The Public Health England “Positive Voices” presentation by Meaghan Kall (@kallmemeg) highlighted the high unmet need and gaps in provision of social and welfare services, particularly dealing with loneliness and isolation. Additionally an exciting panel represented marginalised populations, including women, transgender patients, injecting drug users and people from different ethnic backgrounds. Prof Jane Anderson (@ProfJAnderson) highlighted the importance of women centred care and the new publication #InvisibleNoLonger by the Sophia Forum (@SophiaForum). Dr Kate Nambiar (@KateNambiar) discussed the importance of improving trans inclusivity in designing services and research, including the use of the 2 stage gender questions. There was also fantastic trans health resources highlighted from CliniQ (@Clini_Q). Dr Rageshri Dhairyawan (@crageshri) discussed intersectionality theory and the impact of faith, community and sexuality as factors affecting engagement in care, while referencing the “social GRRAACCEESS” model of what makes up a person’s identity. While Dr Emma Thompson (@emcat1) reminds us that people who inject drugs may have faced childhood and adult adversities and that “people don’t inject drugs because everything in your life is ok, we would do well to recognise this to address the stigma people experience”.
Ageing and frailty were common themes among poster presentations. Posters included data on; presence of complex comorbidities, social care needs and complex HIV management issues among people ageing with HIV; high burden of multimorbidity and frailty at earlier ages in a combined HIV and elderly medicine clinic; low levels of physical activity resulted in increased risk of frailty, while exercise could help reverse frailty in older adults with HIV; the link between inflammation and frailty in older adults with HIV; the experiences of women ageing with HIV; modelling the link between cognition, apolipoprotein and frailty in mid-aged people living with HIV. Other interesting posters included the high burden of pain experienced by people living with HIV, measuring quality of life among people living with HIV using EQ5D5L, systematic review of mHealth interventions to support self-management in HIV, impact of rheumatic symptoms on physical function and quality of life, breathlessness wheeze and cough more common in people living with HIV, and the use of the Patient Activation Measure demonstrates low activation in the presence of comorbid physical and mental health problems.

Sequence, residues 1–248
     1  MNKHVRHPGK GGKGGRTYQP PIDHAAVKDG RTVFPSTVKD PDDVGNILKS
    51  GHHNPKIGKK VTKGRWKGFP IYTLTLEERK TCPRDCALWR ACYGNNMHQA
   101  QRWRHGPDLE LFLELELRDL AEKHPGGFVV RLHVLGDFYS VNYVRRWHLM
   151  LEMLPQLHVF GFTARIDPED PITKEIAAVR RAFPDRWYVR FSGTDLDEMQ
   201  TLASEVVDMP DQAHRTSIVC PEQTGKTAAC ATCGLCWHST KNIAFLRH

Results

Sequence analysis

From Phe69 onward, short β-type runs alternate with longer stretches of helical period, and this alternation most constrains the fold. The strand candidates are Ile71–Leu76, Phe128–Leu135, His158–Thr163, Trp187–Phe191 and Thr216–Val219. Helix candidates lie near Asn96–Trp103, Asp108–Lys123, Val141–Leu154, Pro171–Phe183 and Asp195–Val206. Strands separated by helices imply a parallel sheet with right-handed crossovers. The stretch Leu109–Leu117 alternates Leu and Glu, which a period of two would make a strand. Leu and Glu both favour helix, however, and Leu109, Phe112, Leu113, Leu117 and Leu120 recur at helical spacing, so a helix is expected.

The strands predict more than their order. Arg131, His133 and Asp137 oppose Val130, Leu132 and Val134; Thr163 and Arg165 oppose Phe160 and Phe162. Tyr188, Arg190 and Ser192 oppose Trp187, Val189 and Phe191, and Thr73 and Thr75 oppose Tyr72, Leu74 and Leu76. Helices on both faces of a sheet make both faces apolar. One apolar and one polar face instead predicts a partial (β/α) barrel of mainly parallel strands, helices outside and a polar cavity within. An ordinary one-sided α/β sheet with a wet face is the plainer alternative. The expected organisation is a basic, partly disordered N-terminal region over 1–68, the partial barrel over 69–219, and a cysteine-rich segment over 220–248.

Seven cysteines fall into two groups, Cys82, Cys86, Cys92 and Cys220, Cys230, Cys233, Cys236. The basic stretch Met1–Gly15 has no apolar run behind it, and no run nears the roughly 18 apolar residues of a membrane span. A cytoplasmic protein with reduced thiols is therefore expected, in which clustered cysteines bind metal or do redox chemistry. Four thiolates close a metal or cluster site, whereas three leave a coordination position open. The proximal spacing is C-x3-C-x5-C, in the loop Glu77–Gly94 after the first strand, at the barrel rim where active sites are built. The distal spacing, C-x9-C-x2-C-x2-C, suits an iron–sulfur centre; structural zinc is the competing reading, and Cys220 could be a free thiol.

Cardiovascular disease was another popular topic with presentations highlighting among people living and ageing with virologically suppressed HIV, some cardiovascular risk factors are associated with cognitive performance, such as anti-hypertensives, being overweight and low haemoglobin. Early onset menopause is associated with cardiovascular disease among women living with HIV. People living with HIV also have higher prevalence of non-calcified plaques among a younger population with diabetes and hyperlipidemia. Additionally 25% of people living with HIV aged over 50 years were current smokers, compared to 15% of age-matched controls, and the importance of traditional modifiable risk factors.
There were so many more topics of relevance to Physiotherapists inlcuding bone health, pain, mHealth, self-management and much much more. Physiotheraists were also highlighted by Dr Laura Waters (@drlaurajwaters) for their role in non-pharmacological management of pain management within HIV care, in the face of the increasing opioid crisis.
There were also lots of opportunities to promote physical activity, by having a 5sx sit-stand competition among delegates to raise awareness of functional performance measures in clinical practice and promoting physical activity among delegates, encouraging the use of the stairs instead of the escalators.
Lastly, #BHIVABASHH18 was just great fun. There was loads to learn and share, but you cant beat a conference where the conference organising committee member stage dives at the Gala dinner. Dr Laura Waters, we love you!
Physiotherapists, come join us at the next British HIV Association conference, and see how much you can learn, contribute (and maybe dance).